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Man wearing purple shirt sitting at a table with his new hearing aids examining them and smiling.

You finally got your new hearing aids. You’re finally going to be able to get back into the swing of your social life again. Now, you won’t be missing elements of conversations or going through uncomfortable transitions. But your hearing aids just don’t sound quite right.

That’s because it’ll likely take you some time to adjust to a new set of hearing aids. This can be an annoying transition. You were so excited about enjoying your hearing again and it feels like it’s taking so long.

But there are a few tips you can use to reduce this transition period. Before long, with a little practice, you will be paying attention to what you’re hearing instead of your hearing aids.

Start slowly with these tips

Your brain will take a little time to get accustomed to hearing certain sounds again regardless of how sophisticated your hearing aids are. Here are some ways you can deliberately give yourself time to adjust and start things off slowly:

  • Wear your hearing aids for a short period of time: When you’re just starting, you can practice by using your hearing aids for just a few hours at a time. Your hearing aids will probably feel a little weird in your ears for a while so starting gradually is okay. You can begin to wear your hearing aids for longer periods as you get used to them.
  • Begin by wearing your hearing aids at home only: When you’re at home, you have a lot more control over what you’re hearing, and you’ll probably experience significantly less noise pollution. This means you can focus on one voice at a time.
  • First, try to focus on one-on-one conversations: You might be setting yourself up for disappointment if you wear your hearing aids in a crowded setting right out of the box. When the brain has to focus on all those voices, it can get overwhelmed at first. By starting out with one-on-one conversations you will make the transition smoother and also get a bit of extra practice.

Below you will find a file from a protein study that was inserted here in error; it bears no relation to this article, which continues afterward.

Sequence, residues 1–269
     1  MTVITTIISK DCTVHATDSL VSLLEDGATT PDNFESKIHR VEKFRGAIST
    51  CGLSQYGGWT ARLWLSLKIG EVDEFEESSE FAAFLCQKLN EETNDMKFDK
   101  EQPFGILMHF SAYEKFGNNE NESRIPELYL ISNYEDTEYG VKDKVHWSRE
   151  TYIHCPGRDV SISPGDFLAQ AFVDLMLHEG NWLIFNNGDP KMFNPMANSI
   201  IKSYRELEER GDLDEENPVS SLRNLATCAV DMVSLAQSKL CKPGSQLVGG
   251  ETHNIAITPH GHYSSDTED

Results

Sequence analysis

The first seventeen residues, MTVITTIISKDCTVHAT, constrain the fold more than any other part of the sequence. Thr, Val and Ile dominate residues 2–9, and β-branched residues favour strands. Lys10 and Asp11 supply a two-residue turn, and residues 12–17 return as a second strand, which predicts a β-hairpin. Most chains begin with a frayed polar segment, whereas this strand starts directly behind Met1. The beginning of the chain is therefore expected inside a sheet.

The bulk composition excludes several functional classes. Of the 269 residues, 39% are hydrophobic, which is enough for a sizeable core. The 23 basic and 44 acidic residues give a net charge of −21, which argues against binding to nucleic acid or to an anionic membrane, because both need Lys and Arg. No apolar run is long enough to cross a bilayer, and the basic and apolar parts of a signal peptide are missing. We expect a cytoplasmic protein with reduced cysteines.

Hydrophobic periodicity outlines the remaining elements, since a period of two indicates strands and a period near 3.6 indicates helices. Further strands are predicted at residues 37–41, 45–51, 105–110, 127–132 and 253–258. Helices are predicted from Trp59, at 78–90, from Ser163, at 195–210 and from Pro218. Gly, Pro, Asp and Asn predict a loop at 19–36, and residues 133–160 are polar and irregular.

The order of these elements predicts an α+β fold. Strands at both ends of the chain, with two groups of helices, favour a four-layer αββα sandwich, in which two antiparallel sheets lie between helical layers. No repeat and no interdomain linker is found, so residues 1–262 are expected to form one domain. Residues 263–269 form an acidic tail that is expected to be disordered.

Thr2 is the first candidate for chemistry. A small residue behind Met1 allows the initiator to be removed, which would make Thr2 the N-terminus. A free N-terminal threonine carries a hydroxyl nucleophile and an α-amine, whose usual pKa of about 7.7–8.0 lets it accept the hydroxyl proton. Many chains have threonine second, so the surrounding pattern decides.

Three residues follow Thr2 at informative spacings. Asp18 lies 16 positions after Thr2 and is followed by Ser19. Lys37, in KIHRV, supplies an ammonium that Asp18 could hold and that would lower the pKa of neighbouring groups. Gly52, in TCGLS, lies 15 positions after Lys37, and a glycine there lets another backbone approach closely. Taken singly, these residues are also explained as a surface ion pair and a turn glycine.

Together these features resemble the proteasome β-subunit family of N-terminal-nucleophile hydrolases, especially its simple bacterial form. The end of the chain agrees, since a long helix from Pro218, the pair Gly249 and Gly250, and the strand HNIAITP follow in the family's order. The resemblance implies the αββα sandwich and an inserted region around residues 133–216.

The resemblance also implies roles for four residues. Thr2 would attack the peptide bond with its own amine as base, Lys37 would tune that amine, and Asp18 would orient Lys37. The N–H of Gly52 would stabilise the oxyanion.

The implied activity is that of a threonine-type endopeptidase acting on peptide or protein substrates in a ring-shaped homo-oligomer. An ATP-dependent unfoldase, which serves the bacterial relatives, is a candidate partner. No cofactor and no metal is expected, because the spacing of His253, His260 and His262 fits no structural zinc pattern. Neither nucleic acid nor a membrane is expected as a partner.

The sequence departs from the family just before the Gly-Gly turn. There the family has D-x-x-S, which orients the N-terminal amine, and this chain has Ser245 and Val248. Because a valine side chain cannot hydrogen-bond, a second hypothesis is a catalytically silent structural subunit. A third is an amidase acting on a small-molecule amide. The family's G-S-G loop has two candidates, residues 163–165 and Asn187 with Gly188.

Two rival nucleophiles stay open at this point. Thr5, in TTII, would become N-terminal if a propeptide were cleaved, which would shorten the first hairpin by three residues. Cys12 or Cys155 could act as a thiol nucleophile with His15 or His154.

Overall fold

Tips that help you get added practice in

Much like any other skill (and hearing is a skill, among other things), there are a few activities that can help you practice with your hearing aids. You could even have a little fun!

  • Turn on closed-captions when you watch TV: It’s easy: put in your hearing aids, flip on the television, and watch your favorite program. As you read the words you’ll also be hearing the actors talk, and your brain will start remembering what all these words sound like. This sort of practice will help you adjust to hearing speech again.
  • Listen to an audiobook while you read the printed book: This is a really similar exercise (and allows you to get in some fun reading while you’re at it). Your brain will learn to make associations between words and sounds by employing this read along approach.
  • Do some listening exercise: That’s right: Sit somewhere a little quiet and experience the sounds around you. You can practice by focusing on trying to hear the fridge running or the cat meowing in another room or the birds singing outside.

Improve your hearing health with these tips

Of course, one of the purposes of hearing aids is to keep your ears as healthy as you can. And there are a few tips you can do to keep your ears happy as you get accustomed to wearing your new hearing aid:

  • Be sure to note and let us know about any pain: Because it shouldn’t hurt to wear hearing aids. So if you’re noticing any pain or something’s not fitting right, it’s important to report it as soon as possible.
  • Keep visiting us: There might be a temptation to presume that once you’ve got the right hearing aids, you won’t need to see us anymore. This would be a bad idea. We can help tune your hearing aids, keep the fit comfortable, and continue to keep an eye on your hearing. These follow up visits are really important.

Go slow and increase your time as you get accustomed to your hearing aids

Working your way up to wearing your hearing aids full time is the objective here. A slow and progressive strategy is often effective, but everyone’s different. You’ll want to get individualized advice from us on the best way for you to get accustomed to your new hearing aid.

Implementing these tips (and tips like them) can help make sure that you enjoy having your hearing aids and that you keep using them because they continue to improve your life.

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The site information is for educational and informational purposes only and does not constitute medical advice. To receive personalized advice or treatment, schedule an appointment.